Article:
Ogged, you are assuming that the election of regional governors are done democratically. I beg to differ. I don't know much about the Russian politics; however, I do know that mobs have a lot to do with influencing the outcome of their local governments (governors!). Who is to say what is better for Russia and for the world , in the short run, and in the long run? Additionally, you are also assuming that Putin's decision would endanger the world (with nuclear bombs?). I understand the argument here: dictatorship and nuclear bombs are a dangerous combination; but, this is all speculative.

Posted by: Veiled | Link to this comment | 09-13-04 8:31 PM
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I have to say that I agree with Ogged regarding his concerns over the fragility of the power structure in the former Soviet Union.

In the late 1980's, The U.S. welcomed the fall of communism in the USSR as a triumph of western capitalism over the evil empire of the "dirty Reds." This was probably the proudest accomplishment attributed to ol' man Regan when he kicked the bucket recently, despite the fact that his economic and foriegn policies had nothing whatsoever to do with the collapse of the USSR's economy and political infrastructure. I would personally offer 100 times the credit for the Soviet Union's disinegration to the nuclear disaster at Cherynobl than to any suppossed effort made by Regan. Regan merely acted in the typical fashion of American politicians - taking credit for the fact that the sun came up again in the morning then blaiming everyone else when the damned thing had the nerve to turn tail and go back down again at night. Unlike Regan, Cherynobl was a slap in the face to the already struggling Soviet leaders, exposing to the world the failure of the USSR's famous "five year plans" and disregard for the human cost of its competition with the US for the tiltle of ultimate superpower. A big part of the Soviet's problem was that the totalitarian system it employed did not allow the citezenry any means of holding the governement accountable for its policies, including its reprehensible use of low-level nuclear weapons as tools for excevation, its sub-standard maintenence of nulcear reactors, its mishandling of nulcear waste, and its over-all disregard for the environment that its citezens were forced to live in. Of course, this is a gross oversimplification of the entire issue, but it describes some of the challenges still faced by present-day Russia, challenges the US likes to pretend have evaporated since the USSR magically embraced the panceon of capitalism. However, the average Russian lives a lifestyle a hell of a lot less cushy than that of an American. Many aspects of commerce are controlled by organized crime, and true democracy has not even had the chance to take hold (not that it ever really has here, if you want to get down to it). And now Putin is pulling a "Bush" and using a terrorist attack by Chechnyans as an excuse to curtail the liberties of his people. Only the Russian people do not have the US constitution on their side. In addition, a lot of folks in Russia had better lives under the communist government, so they wouldn't be too terribly bothered to see the current US friendly regieme harken back to its roots and get a little of those Cold War patriotic juices flowwing. After all, the US has replaced the USSR with it nice new enemy, the demi-ambiguos "Middle East threat," but what does the Russian government have other than a few pathetic rebels left over from the genocide in Chechnya? That just won't go to far to coerce the average Russian to rally behind its corrupt governemnt. However, the US is still here, and we haven't changed much since those dreaded Pre-Regan days. And, if I recall, Russia happens to have, hmmm, something in the neighborhood of a gazillion weapons of mass destruction (gazillion being defined as "as much or more than we have, 'cause when it comes to us, we don't like doing the counting")?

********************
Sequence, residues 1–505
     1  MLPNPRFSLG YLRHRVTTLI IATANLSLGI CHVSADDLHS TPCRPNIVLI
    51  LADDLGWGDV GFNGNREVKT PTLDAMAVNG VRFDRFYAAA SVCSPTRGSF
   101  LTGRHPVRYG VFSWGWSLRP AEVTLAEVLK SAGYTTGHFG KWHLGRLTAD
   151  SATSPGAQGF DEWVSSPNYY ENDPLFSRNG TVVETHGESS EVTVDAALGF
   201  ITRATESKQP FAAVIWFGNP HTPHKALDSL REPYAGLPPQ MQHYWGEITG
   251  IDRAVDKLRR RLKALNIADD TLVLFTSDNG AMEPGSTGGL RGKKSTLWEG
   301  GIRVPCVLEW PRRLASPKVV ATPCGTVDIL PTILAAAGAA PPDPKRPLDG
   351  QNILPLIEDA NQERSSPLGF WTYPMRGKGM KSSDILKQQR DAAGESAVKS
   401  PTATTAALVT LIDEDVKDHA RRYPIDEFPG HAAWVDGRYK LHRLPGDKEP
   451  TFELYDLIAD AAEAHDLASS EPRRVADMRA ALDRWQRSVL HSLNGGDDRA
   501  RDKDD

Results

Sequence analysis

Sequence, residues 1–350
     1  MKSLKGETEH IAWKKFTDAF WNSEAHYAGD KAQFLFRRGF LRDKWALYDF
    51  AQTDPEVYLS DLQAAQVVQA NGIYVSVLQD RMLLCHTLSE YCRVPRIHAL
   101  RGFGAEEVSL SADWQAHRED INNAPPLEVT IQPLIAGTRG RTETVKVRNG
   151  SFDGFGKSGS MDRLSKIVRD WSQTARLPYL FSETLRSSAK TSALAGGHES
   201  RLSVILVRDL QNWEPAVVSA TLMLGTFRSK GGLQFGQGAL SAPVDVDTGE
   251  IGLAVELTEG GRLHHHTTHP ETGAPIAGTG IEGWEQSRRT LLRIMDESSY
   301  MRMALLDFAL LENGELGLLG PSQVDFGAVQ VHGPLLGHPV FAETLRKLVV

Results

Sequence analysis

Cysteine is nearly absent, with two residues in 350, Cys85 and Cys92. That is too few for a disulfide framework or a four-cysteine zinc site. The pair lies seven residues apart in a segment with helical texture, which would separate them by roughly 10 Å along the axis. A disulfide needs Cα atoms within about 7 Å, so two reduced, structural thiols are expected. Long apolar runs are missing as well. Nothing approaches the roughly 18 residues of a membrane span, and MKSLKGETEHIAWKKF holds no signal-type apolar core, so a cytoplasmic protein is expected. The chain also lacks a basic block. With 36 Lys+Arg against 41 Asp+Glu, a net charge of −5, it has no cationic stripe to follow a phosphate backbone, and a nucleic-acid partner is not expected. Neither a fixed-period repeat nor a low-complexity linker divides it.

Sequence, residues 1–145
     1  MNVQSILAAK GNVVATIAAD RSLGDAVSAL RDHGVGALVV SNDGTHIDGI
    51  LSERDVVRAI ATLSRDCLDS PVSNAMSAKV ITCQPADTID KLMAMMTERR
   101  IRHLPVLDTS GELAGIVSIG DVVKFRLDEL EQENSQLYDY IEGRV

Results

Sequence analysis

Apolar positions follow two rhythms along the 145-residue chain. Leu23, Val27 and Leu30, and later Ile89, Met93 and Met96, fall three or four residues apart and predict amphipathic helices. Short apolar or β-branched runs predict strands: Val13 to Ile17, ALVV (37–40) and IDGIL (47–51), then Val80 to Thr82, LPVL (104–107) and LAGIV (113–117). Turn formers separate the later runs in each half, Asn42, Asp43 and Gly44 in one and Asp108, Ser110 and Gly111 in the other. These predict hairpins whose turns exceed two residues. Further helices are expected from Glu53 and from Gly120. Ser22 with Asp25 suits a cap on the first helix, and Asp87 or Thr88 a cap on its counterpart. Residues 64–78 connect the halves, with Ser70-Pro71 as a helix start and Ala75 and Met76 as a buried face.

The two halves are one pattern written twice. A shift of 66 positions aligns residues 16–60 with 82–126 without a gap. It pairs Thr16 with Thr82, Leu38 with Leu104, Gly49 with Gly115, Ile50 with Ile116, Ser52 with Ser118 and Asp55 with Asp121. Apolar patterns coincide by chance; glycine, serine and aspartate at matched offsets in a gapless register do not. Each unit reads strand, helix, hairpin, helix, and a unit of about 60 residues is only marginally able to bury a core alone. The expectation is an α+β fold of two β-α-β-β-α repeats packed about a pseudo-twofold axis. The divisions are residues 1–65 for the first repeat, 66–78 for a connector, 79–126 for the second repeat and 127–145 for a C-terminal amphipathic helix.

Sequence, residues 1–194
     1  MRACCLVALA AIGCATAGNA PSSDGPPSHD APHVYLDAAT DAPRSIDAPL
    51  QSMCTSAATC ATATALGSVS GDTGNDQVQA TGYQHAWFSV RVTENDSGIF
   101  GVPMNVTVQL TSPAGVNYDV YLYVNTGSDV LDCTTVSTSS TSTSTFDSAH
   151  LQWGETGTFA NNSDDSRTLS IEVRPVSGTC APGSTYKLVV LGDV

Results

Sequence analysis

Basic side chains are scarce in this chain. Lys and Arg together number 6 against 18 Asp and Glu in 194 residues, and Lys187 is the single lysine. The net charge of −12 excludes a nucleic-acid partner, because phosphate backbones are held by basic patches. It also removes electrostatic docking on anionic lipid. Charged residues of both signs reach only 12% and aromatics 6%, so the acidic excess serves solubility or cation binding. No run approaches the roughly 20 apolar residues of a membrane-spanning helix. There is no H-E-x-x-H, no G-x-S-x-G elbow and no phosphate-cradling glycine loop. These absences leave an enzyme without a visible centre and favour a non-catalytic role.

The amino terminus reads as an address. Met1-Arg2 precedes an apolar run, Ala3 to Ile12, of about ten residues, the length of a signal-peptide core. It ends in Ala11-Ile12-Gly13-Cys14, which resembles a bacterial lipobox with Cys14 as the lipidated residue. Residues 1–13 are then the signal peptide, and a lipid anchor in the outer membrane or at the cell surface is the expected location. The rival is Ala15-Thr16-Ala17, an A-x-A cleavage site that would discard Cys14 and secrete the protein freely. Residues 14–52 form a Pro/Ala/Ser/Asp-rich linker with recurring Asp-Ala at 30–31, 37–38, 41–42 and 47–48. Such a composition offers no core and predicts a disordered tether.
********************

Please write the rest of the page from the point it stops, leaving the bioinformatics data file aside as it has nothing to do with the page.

That said, I think it's a good question to ask who it is that we should really be afraid of.

Posted by: Elanor | Link to this comment | 09-13-04 9:31 PM
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